Some Basic Tips from the Med USA Helpdesk
Helpful tips to keep your data safe
- Do not respond to emails asking for your password. The helpdesk will never ask for your password and this should only be used by you! You should never disclose your password to anyone.
- Only click on links from trusted sources. Never click an unfamiliar link on a webpage. This includes tiny URLs and any link where you can’t tell where it will take you.
- Don’t open unsolicited or unexpected attachments. If you can’t verify an attachment is legitimate please call the helpdesk to help determine if the attachment is safe to open.
- Delete sensitive information whenever you can. Keep it off of your workstation desktop.
- Turn off monitors before you leave the office. By turning off monitors this will help to preserve the life of the monitor.
- Restart your computer at least once a week. By restarting your computer this will help fix common issues from installing recent updates to flushing temporarily memory..
Be Aware of Spear Phishing
No, this has nothing to do with fish, lakes or streams. Spear phishing, also referred to as whaling, is being used to target organizations or businesses to obtain personal information for fraudulent purposes. The scam entails a substantial amount of in-depth research into the target organization structure, specific functioning, and employee information so that the scam can come across as real as possible. Social media is making it a lot easier for the hackers to obtain all the information that they require to pull off a successful scam. Many large breaches that have recently taken place, started with a spear phishing scam via an email. Email is largely used for communication within the organization and thus this is a simple approach for attackers to use. It does not take much effort to fake an email address and the attacker is one step closer to the goal.
The attackers’ aim is to steal company information, credentials and to deploy malware. The scammer sends an email, highly personalized. The email seems to come from a trusted source and the email address used at first glance looks the same as other frequently used ones within the organization but on closer inspection, this is not the case. The scammer’s aim is to entice urgency, often the email will pertain to an urgent matter that requires critical action thus taking priority over everything else. An employee opening the email sees an email sent from a colleague or a trusted source who they regularly deal with, demanding that they take urgent action. This often involves the recipient following a link to a fake website but because they are unsuspecting and nothing has so far appeared out of place the convincing site is the next step in the scam.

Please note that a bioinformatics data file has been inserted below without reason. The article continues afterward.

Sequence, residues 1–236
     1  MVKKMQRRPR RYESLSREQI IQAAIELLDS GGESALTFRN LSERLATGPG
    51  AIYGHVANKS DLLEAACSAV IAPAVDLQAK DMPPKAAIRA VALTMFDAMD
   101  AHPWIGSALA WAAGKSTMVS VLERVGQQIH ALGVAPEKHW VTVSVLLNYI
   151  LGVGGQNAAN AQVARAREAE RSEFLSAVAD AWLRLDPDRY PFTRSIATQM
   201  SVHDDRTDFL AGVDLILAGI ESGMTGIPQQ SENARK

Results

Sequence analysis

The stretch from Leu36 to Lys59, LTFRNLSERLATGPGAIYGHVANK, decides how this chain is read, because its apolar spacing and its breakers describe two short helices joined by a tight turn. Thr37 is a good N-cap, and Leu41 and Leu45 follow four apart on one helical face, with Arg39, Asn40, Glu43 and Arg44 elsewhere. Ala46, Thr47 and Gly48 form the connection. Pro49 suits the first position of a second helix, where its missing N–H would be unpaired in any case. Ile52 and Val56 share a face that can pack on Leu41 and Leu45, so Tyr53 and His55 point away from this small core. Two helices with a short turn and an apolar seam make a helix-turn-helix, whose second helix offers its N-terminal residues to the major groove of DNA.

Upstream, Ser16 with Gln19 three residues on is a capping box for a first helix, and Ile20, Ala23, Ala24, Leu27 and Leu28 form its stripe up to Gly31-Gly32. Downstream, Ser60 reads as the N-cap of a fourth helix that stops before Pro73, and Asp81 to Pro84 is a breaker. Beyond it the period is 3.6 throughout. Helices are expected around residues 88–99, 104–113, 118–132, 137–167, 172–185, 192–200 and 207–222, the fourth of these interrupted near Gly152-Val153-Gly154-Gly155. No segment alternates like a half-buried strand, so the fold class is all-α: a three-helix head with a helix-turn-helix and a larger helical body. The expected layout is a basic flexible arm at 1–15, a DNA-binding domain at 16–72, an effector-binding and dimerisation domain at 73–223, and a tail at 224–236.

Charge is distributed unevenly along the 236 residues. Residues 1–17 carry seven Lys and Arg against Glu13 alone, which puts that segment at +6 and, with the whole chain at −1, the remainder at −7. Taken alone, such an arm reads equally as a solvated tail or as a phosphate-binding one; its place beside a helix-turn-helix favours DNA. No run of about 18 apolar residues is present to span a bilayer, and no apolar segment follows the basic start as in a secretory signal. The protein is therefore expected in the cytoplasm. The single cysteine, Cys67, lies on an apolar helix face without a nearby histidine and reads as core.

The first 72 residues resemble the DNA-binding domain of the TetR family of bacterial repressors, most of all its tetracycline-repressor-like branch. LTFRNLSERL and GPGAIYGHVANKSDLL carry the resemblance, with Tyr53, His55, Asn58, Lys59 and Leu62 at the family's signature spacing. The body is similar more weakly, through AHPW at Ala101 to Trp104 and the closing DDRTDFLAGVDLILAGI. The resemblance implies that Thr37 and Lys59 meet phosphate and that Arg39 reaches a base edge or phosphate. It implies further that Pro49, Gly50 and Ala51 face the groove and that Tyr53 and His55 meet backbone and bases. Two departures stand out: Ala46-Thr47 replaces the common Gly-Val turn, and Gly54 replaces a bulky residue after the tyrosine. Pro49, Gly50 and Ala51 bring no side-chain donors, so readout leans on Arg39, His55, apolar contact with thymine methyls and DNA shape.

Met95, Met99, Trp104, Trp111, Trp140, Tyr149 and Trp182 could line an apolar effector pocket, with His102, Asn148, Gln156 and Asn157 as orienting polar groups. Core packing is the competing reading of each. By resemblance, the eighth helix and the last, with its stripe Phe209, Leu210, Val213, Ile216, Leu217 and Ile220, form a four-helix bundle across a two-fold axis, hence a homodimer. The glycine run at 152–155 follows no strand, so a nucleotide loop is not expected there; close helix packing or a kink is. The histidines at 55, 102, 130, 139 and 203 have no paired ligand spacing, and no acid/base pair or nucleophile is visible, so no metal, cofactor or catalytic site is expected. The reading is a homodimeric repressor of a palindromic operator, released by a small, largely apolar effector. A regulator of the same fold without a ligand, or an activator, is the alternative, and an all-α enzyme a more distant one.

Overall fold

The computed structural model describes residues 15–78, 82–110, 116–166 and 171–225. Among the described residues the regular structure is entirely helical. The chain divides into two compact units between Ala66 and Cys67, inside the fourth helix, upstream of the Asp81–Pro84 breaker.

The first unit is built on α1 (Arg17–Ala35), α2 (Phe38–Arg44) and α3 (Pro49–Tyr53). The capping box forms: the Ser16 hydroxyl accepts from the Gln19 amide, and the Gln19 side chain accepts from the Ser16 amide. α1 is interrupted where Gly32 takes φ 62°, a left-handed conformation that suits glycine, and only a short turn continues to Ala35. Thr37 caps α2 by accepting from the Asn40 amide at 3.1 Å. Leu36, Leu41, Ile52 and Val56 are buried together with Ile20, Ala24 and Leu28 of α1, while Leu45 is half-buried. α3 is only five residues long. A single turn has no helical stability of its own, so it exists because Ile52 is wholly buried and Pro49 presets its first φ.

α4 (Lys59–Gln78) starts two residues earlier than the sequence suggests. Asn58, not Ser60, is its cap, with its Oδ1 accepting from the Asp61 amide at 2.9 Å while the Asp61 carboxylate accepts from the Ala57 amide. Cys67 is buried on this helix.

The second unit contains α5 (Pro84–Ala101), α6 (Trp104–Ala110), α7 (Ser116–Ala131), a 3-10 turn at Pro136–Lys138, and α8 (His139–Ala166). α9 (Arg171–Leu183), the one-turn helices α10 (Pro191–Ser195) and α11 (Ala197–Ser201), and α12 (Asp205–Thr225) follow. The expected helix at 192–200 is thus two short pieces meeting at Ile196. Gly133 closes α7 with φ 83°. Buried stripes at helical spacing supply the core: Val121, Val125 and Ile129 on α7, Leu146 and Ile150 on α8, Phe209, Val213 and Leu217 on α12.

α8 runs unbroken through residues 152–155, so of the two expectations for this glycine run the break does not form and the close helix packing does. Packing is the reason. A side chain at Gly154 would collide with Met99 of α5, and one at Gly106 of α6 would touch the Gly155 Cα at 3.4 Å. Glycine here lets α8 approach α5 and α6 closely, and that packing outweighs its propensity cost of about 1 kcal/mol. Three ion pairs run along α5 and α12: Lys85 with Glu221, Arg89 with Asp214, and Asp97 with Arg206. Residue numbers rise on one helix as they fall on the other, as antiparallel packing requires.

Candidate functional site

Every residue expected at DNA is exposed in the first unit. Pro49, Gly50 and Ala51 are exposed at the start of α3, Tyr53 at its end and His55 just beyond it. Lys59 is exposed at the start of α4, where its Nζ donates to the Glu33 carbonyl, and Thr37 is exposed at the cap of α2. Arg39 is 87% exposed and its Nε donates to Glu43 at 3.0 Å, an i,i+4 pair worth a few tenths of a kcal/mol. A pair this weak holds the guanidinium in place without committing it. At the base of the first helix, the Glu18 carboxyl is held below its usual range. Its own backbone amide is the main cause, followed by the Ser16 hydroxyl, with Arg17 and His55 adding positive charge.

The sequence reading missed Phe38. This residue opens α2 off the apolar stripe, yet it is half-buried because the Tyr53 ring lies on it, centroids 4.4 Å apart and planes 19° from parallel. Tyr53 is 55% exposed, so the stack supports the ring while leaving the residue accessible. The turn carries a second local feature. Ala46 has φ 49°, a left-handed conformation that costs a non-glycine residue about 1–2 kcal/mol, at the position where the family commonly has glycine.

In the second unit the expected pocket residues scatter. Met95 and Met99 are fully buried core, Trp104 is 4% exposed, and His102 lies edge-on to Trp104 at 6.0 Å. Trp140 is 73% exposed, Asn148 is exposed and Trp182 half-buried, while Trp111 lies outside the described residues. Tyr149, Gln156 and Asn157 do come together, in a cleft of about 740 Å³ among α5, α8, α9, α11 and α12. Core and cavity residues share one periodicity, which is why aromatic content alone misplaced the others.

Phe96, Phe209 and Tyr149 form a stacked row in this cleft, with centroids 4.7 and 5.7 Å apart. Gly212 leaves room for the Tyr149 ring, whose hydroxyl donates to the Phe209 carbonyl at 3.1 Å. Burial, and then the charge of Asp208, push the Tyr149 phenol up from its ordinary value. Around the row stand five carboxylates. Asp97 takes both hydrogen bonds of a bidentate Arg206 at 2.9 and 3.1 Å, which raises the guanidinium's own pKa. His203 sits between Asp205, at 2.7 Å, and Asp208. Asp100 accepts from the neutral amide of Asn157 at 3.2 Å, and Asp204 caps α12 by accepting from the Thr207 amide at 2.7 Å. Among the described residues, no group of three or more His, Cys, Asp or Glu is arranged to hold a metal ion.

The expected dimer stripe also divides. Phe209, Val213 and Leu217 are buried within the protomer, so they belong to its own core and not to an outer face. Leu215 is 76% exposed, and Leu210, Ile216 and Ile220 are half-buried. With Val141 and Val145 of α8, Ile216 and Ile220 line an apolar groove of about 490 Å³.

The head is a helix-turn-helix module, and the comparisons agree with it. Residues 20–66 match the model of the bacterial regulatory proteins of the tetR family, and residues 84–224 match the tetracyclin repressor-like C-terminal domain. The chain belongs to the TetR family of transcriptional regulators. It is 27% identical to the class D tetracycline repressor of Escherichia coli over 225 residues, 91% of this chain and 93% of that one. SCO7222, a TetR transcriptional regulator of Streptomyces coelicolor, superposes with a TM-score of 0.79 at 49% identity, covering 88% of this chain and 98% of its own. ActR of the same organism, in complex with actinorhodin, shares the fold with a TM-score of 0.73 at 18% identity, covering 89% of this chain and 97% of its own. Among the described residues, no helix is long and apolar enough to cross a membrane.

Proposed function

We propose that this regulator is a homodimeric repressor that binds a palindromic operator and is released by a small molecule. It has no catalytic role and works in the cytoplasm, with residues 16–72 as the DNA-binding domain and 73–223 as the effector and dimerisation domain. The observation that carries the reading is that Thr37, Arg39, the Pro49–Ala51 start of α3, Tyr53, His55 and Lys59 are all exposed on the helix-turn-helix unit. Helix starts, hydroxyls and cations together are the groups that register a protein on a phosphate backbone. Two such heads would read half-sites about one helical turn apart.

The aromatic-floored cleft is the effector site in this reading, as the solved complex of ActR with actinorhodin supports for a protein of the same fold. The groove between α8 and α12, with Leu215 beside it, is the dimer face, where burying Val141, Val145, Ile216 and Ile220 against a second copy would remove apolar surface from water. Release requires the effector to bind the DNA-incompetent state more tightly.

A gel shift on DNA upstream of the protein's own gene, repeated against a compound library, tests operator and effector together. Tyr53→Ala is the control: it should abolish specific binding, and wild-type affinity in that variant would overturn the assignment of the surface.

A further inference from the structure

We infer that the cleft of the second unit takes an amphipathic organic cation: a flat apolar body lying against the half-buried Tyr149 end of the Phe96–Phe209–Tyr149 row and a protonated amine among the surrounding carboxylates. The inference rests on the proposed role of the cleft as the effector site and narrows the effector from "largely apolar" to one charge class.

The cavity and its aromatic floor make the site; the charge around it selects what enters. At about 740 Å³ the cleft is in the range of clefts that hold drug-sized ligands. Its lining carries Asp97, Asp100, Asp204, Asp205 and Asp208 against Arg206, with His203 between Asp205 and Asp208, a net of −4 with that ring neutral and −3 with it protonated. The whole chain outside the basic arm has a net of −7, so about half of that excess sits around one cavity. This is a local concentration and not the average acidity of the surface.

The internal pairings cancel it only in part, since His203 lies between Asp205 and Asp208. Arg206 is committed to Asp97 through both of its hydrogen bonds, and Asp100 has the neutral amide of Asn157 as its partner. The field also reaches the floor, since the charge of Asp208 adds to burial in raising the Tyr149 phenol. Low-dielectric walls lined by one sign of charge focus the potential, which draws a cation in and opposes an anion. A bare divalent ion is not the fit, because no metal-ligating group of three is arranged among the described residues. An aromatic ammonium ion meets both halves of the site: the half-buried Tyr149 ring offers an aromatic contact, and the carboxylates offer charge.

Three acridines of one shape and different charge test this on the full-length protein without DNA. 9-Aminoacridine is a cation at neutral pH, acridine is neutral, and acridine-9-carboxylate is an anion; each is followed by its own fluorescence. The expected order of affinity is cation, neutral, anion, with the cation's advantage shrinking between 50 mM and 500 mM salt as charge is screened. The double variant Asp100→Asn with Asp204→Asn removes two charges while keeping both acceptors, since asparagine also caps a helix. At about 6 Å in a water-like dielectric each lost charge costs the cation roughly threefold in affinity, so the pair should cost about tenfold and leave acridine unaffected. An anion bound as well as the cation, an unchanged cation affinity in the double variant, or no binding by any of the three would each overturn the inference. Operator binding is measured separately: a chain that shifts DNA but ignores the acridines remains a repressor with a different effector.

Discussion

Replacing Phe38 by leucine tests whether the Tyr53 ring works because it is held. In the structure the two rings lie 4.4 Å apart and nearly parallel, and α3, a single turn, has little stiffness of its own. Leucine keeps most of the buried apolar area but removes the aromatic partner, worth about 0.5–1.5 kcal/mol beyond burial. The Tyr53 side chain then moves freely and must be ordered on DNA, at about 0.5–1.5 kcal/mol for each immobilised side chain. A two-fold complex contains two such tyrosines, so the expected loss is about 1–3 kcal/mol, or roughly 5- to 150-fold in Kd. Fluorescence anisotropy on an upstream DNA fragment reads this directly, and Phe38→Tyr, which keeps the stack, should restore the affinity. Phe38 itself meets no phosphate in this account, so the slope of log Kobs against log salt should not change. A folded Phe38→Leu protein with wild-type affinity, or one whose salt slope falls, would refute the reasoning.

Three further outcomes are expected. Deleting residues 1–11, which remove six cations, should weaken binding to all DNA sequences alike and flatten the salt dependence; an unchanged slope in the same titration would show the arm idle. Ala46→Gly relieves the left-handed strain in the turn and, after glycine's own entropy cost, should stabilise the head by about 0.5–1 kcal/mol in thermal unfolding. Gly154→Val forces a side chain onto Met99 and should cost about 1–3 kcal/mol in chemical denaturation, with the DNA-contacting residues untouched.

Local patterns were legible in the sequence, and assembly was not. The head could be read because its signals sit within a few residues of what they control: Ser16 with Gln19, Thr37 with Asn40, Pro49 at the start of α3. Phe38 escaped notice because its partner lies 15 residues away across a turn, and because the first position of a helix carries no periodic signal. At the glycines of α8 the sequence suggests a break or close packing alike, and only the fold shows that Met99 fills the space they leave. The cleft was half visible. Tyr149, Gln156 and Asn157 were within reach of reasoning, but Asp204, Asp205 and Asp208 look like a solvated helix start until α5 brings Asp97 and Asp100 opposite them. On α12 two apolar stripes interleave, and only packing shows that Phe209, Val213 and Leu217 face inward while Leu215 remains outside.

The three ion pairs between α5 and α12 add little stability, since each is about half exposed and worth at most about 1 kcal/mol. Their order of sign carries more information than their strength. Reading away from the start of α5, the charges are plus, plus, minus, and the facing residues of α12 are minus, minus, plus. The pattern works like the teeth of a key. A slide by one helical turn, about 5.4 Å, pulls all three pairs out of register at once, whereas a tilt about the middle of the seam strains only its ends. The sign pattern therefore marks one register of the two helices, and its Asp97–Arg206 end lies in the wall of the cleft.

To the employee, the site looks and feels authentic and they continue to act on the urgent request by either entering company information and or password or providing financial details. Alternatively, the email may require you to download an attachment which will place malware on your computer that can log activity allowing the scammer to access your company information
What Can You Do to Help Prevent This?
If you receive an urgent email that you are not expecting, requesting you to take urgent action often relating to a customer service complaint or legal issue- take caution.
Take extra care when looking at the senders’ address, it may look similar but not identical or maybe one that you do not recognize.
Look out for incorrect spelling, vocabulary used incorrectly, etc.
Be careful on emails with a link to a website or attachments. Make sure it appears authentic complete with logos and branding.
If you receive an email requesting urgent action, often involving the inputting of company personal information, make payment or download software. Please take action and review with manager and helpdesk.